Keeping Oklahomans' Mental Health Records Confidential
Protect your and your family's mental health information
Confidentiality is at the core of the therapist and client relationship. Only under certain situations must a counselor, by law, disclose client information. Those situations include:
- if a child or vulnerable adult is being physically, sexually, or emotionally abused,
- if a client is in immediate danger of harming themselves or others,
- if court ordered by a judge due to a legal preceeding.
Even in the above scenerios, the counselor is ethically mandated to disclose as little information as is relevant and necessariy to other parties.
However, the Oklahoma Health Information Exchange posed a threat to the core of the counselor/ client relationship.
Is it "Opt In" or "Opt Out"? It Makes ALL THE DIFFERENCE
When this issue first began to be noticed by mental health professionals in early March 2023, government officials stated that "all health care professionals" (including mental health therapists) must utilize the new Health Information Exchange for all patients. In addition, if a patient did not which for their medical information to be part of the Health Information Exchange then they must "opt out" of the exchange by completing a form, have it signed by their provider (or notarized) and sent to the Health Information Exchange.
For mental health clients, this act alone violates client confidentiality- a person's name and identifying information being put on a form and signed by a mental health professional stating that they do not want their health information part of the Health Information Exchange.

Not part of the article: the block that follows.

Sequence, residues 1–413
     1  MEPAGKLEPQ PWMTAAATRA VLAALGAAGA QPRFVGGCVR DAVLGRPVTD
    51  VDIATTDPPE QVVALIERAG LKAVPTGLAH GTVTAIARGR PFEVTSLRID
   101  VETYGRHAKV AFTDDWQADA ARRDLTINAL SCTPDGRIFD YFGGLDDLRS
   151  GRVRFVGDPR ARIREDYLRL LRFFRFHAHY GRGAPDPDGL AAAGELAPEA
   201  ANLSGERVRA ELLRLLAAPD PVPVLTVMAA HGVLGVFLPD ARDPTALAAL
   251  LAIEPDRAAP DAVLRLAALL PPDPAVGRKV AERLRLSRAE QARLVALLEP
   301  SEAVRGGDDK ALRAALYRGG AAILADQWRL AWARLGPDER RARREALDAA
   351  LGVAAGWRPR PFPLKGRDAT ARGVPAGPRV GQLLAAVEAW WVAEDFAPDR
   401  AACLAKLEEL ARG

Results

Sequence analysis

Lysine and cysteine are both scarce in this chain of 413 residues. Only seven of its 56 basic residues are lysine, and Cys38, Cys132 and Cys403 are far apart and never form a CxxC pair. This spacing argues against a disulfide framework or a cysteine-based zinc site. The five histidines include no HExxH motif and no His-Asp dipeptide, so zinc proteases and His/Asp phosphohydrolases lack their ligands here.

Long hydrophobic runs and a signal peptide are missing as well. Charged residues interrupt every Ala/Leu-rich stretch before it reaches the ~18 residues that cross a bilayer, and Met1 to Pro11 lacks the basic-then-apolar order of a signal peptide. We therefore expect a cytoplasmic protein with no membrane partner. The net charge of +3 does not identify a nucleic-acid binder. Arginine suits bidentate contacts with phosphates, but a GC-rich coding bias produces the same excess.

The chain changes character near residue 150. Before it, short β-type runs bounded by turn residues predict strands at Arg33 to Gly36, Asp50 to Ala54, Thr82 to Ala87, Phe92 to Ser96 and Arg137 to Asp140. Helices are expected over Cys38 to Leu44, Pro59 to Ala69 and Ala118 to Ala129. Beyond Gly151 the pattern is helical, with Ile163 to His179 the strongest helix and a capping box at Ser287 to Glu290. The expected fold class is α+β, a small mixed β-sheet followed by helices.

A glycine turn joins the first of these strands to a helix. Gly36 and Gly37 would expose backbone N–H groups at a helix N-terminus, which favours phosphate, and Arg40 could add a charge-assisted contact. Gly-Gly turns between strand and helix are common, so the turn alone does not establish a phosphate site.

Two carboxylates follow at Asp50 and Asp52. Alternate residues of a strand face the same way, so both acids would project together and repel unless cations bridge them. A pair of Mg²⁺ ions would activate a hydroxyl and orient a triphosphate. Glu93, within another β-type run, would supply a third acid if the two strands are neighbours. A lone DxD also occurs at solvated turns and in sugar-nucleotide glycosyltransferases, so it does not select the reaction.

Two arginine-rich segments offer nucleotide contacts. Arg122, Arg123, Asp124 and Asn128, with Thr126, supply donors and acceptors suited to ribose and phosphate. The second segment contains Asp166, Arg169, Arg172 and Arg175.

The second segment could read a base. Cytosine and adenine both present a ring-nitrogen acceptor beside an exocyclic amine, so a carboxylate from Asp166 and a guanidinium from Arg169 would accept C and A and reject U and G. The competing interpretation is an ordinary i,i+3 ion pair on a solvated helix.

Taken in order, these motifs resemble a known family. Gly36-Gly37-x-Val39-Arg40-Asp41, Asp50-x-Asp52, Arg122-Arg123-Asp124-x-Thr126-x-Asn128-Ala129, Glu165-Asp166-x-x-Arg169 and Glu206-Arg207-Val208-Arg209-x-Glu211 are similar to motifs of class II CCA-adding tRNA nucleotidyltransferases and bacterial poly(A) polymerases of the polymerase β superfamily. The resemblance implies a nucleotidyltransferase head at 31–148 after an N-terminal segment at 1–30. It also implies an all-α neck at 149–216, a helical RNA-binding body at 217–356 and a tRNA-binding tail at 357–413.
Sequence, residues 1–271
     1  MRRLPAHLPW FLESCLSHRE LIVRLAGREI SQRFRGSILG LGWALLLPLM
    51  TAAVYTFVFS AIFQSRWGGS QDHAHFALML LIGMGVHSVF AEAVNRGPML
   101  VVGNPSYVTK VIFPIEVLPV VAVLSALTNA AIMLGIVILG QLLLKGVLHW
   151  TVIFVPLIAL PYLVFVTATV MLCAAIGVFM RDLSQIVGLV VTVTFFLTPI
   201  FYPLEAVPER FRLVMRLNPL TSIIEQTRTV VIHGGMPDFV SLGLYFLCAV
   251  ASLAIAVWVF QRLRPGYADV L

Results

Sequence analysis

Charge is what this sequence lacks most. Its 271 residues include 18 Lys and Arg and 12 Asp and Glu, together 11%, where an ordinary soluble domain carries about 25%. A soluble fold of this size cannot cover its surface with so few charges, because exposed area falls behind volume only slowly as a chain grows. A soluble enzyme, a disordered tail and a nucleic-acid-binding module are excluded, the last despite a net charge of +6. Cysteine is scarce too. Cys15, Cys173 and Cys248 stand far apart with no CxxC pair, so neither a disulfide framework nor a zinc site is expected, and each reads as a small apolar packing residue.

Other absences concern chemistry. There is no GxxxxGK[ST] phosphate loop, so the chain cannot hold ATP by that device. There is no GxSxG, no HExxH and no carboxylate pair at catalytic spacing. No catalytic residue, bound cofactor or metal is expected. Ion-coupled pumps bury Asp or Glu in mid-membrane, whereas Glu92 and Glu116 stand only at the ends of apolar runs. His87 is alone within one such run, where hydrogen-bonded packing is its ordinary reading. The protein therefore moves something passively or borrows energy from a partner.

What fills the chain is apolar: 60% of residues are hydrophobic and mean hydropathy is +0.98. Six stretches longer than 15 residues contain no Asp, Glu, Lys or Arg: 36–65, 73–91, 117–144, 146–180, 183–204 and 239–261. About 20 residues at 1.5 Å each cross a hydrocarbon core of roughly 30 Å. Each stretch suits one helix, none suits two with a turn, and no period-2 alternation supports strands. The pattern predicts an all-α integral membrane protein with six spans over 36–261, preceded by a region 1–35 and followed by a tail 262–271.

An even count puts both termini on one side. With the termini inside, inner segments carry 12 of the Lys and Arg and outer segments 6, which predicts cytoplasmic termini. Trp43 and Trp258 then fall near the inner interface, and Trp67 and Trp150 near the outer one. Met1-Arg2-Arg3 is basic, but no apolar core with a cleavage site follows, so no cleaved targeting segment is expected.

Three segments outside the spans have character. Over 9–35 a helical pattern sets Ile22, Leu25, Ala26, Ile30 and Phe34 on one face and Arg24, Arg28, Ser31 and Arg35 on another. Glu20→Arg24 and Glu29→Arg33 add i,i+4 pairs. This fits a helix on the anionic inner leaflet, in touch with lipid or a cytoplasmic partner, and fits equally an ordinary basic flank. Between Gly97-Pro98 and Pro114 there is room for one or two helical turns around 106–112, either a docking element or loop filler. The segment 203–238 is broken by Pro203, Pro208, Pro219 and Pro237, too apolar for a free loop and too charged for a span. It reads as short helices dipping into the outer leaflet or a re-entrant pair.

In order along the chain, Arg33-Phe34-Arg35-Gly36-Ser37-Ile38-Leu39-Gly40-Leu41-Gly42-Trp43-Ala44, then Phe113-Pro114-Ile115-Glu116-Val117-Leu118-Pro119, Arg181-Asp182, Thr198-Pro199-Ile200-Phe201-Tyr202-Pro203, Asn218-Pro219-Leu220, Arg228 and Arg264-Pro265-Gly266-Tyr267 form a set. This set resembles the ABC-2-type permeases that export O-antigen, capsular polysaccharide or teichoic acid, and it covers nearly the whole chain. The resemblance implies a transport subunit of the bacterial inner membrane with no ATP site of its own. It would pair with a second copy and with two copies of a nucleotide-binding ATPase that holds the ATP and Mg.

This issue was at the core of mental health providers' conflict with the new law and rules:
1. That all mental health client's information must be transmitted to the Health Information Exchange without the client's consent.
2. In order for it not to be viewable, a client must "opt out" by giving their name and signing a form to be presented to the Health Information Exchange. Thereby, breaking his or her confidentiality.
"We admit that we could have done a better job with our messaging"
During a press conference on March 21, 2023 government officials clarified that, despite their initial message, mental health clients would- by default- not have their mental health records transmitted to the Health Information Exchange unless they chose to "opt in" and give their written consent for their records to be transmitted to the exchange. The written consent would be kept in the counselor's office and not transmitted to the Health Information Exchange.
This same distinction was again expressed during the Oklahoma Health Care Authority meeting on March 22, 2023. The OHCA admitted that this was always the case with mental health records and that they could have done a better job communicating the distinction to mental health professionals and to the general public.
Was It or Wasn't It? It Doesn't Really Matter...Unless You Hold Public Office